Unfortunately, it’s not that easy. Von Drehle described experience as “egglike”- “At first blush, the idea appears to be something you can get your hands around … But bear down even slightly, and the notion of experience is liable to crack and run all over.” He notes that the “effectiveness” of many presidents has waned during a second term, contradicting the idea that familiarity with the mechanics of government is necessarily an asset. Indeed, scientific research in other areas seems to confirm the fickle value of experience.

In Time’s second article, John Cloud explores the “widely accepted” thesis that “mastering most complex human endeavors requires a minimum of ten years’ experience” (established decades ago by studies of telegraphy and chess-playing skills). The ten-year rule seems an “obvious and intuitive” explanation for the better performance of old-hand professionals (responsibly, studies have excluded prodigy and natural-athlete types), Cloud writes, but he leads with a scene from a Florida State University study where a veteran nurse makes the same fatal mistake on a dummy patient as a rookie:

In making the case that she would be a better President than Barack Obama, Hillary Rodham Clinton never forgets to summon the argument that she has more experience. But as the Florida State simulations show, experience doesn’t always help. In fact, three decades of research into expert performance has shown that experience itself - the raw amount of time you spend pursuing any particular activity, from brain surgery to skiing - can actually hinder your ability to deliver reproducibly superior performance.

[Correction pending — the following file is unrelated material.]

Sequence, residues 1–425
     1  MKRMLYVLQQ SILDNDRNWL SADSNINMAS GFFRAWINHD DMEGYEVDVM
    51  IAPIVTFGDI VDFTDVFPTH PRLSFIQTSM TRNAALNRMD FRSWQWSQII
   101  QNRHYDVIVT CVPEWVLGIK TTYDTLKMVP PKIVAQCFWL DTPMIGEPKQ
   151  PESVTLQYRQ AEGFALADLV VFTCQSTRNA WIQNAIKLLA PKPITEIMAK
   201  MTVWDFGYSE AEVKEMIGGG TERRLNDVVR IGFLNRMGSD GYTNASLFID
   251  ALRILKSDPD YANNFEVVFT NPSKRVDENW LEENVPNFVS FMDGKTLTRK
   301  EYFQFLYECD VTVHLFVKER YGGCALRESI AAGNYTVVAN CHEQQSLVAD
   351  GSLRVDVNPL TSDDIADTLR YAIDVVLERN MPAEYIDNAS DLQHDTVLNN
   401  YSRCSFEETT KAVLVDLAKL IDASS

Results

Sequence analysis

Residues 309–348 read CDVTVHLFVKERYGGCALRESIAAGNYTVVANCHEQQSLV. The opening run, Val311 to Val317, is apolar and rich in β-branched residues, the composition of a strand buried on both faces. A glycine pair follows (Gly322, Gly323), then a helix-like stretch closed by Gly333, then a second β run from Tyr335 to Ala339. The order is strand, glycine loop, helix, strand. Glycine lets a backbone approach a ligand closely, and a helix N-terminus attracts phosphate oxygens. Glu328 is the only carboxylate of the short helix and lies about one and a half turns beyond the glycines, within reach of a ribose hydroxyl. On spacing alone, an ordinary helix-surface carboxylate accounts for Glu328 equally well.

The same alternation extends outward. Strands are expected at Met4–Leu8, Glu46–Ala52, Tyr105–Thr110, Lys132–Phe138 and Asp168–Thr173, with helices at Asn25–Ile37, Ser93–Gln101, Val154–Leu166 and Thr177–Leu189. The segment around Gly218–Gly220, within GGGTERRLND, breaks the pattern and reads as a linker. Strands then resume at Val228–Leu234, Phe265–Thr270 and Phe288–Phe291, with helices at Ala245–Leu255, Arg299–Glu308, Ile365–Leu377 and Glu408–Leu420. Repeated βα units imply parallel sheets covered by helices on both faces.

If that last conclusion doesn’t seem plausible, think about drivers. Studies have shown that novices can be more alert and aware than veteran motorists who tend to talk on phones more and engage in other such dangerous practices. The key here is that there is a big difference between time-spent-doing and deliberate practice (drivers don’t really engage in the latter). Furthermore, as Cloud reports, there is an added difference between the majority of people who practice skills they already have and those that are constantly seeking out and practicing new skills.

It’s a bit of a stretch to apply the totally unrelated conditions of some of these experience studies to the Oval Office, but Cloud does a nice job avoiding any conclusions and merely posing the question: What do we know and how might we use that to evaluate candidates’ claims that they are most “qualified” to achieve a certain objective, climate treaty or otherwise. “Experts tend to be good at their particular talent, but when something unpredictable happens-something that changes the rules of the game they usually play-they’re little better than the rest of us,” Cloud writes. And as Von Drehle suggests, the qualities that make good president are “not exactly the sort of data you can find on a résumé.”

So when a news outlet like Greenwire publishes two articles with Obama and Clinton advisers dueling over the relative value of experience or fresh perspective, maybe the best thing for reporters to ask is not who is tested or who is new, but rather who is willing to keep practicing good government and how?

Curtis Brainard is the editor of The Observatory, CJR's online critique of science and environment reporting. Follow him on Twitter @cbrainard.